WE WILL ALWAYS LIVE IN BEVERLY HILLS
Growing Up Crazy in Hollywood
By Ned Wynn
Morrow. 285 pp. $19.95
Ned Wynn is the descendant of two actors I grew up liking: His grandfather was Ed Wynn, the legendary old comedian whom we post-Sputnik kids knew from Walt Disney's show; his father was Keenan Wynn, an actor who, in my book, stands beside William Demarest as one of the funniest grouches in movie history. To be honest, I didn't want to find out they were ogres. This book's publicity material promises just that, billing what's inside as "a memoir in the tradition of" "Haywire" and "Mommie Dearest," so I opened it with a shudder.
Fortunately, that was misleading. Ed's major fault, by the time Ned knew him, was a serious but tolerable case of blowhardism. Keenan had problems with alcohol -- as a result, Ned's mother, Evie, left him, taking the kids, and married the prickly actor Van Johnson -- but he was no Joan Crawford. Yes, Ned gets spanked, but it happens in grade school, and he asks for it by getting on the bad side of his principal, "an angry, jowly woman dressed in sepulchral bombazine." What's noteworthy aren't the spankings Ned receives from Keenan -- they are described as humane, normal, dad-lad punishment -- but his crimes. Like many Neddian adventures to come, they're incredibly pointless.
"I am sitting in class. My desk is across from Debbie Daves whose scuffed, bony knees put wings in my stomach. ... Right now she is paying attention to a boy on the other side of her. ... Agitated, I begin jumping around in my seat, alternately grinning and scowling like a primate, a chittering gibbon whose lips and eyebrows fly up and down like window shades. ... I drop out of my seat to the floor flapping like a fruit bat."
Most of this memoir isn't about the famous Wynns; it's about why Ned's life proceeded as smoothly as a tea service rolling downhill on cobblestones. This might be difficult to care about if not for a couple of mitigating factors.
One, Ned's a funny writer. He's especially good at capping descriptions with fun, easy-to-visualize hyperbole. In a chapter about his college career, Ned rues the fact that he'll be mired in summer stock in Washington, D.C. (under the tutelage of Davey Marlin-Jones!), while his friends are partying at Lake Arrowhead. He writes: "They had a speedboat. There were rooms all over the place. I could see it all: drinking, water-skiing, cadres of teenage wonder kittens like so many bikini-clad guerrillas slipping out of the woods. ..."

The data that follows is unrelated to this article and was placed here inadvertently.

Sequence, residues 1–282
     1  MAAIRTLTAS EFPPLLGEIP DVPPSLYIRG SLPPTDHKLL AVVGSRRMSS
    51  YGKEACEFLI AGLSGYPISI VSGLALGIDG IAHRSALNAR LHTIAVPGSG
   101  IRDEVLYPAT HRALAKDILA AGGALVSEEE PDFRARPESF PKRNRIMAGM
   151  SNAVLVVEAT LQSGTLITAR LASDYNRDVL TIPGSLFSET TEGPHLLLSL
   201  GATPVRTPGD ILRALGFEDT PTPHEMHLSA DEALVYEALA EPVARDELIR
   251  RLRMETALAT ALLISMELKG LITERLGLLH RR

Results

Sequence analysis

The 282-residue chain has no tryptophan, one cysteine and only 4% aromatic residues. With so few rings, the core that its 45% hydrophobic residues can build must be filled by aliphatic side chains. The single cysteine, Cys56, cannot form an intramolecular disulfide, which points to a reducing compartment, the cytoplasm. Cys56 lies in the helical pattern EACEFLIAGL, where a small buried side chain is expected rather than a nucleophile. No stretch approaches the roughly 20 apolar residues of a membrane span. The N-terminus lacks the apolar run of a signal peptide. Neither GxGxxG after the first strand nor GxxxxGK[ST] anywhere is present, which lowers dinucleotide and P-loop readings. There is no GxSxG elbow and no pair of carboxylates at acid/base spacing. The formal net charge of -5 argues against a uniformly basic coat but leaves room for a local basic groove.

Two, he doesn't whine much (a` la Patti Davis in her novelized account of similar subject matter). Wynn has a lot to say about the pressures of being raised in a famous family, but every time he approaches moping overload -- the point at which people who didn't grow up in Beverly Hills might sail his book into the fireplace -- he stops and admits that nobody forced him to screw up. At one point late in the book, looking back with a wince on his life, and especially on his skid through the '60s, he says, "I suddenly saw that the whole generation I was attached to was just like me: furious at being asked to consider any alternatives to whatever we had already decided, when we were six, that the world should be like."
It's not fair of Wynn to pull his entire generation into the sandbox like that. As for his own dissipation credentials, they're solid. He spends the pre-Beatles '60s fitfully working as an extra in beach movies. "We showed up, skateboarded, played volleyball, pretended to play instruments and said, 'Awww, c'mon, we're not doing anything' a lot in the background in response to someone's assertion that we were noisy, disruptive youths."
The psychedelic '60s roll into his life like an Electric Kool-Aid tsunami. Grandpa Ed dies, without Ned taking much notice (his "death passed through me like water. ... I was stoned at his funeral"), and he begins a quasi-career as "professional pal" of West Coast rockers such as the Mamas and the Papas and the Byrds. From there he starts the familiar slide, aided by a cornucopia of mood helpers and the teachings of that ersatz holy man, the Maharishi Mahesh Yogi.
In one scene, Ned visits Keenan in an attempt to convert him to the ways of transcendental meditation: "Here I come, Popsie ... eyes all dewy and bright with truth and love." Keenan flees to the garage and mounts a patently bogus search for his ball peen hammer. "He was now fumbling frantically in every drawer and cabinet in the garage. ... Finally, he reached into one drawer and came out with a half pint of Smirnoff vodka. 'Well, whaddaya know,' he said, slapping his skull, 'how do you suppose ...' He uncapped the bottle and raised it to his lips and drained half of it ... 'Yaaaahhhhhggggaaaahhhhdd ...' Then he turned to me and let out a low, appreciative whistle. 'That,' he said, 'is what I call a ball peen ... HAMMER!' " Alcoholism, we all know, is wrong. But in this case it seems momentarily right.
As you've probably guessed, things gets a lot less funny before it's over. But Ned does straighten up, and at book's end, he handles his father's death (in October 1986) with considerably more grace than he showed when Ed died. He also wrote this book. Not much by the standards of a Hollywood rise-fall-and-rise-again saga. But for real life, not bad.
The reviewer is a Washington writer.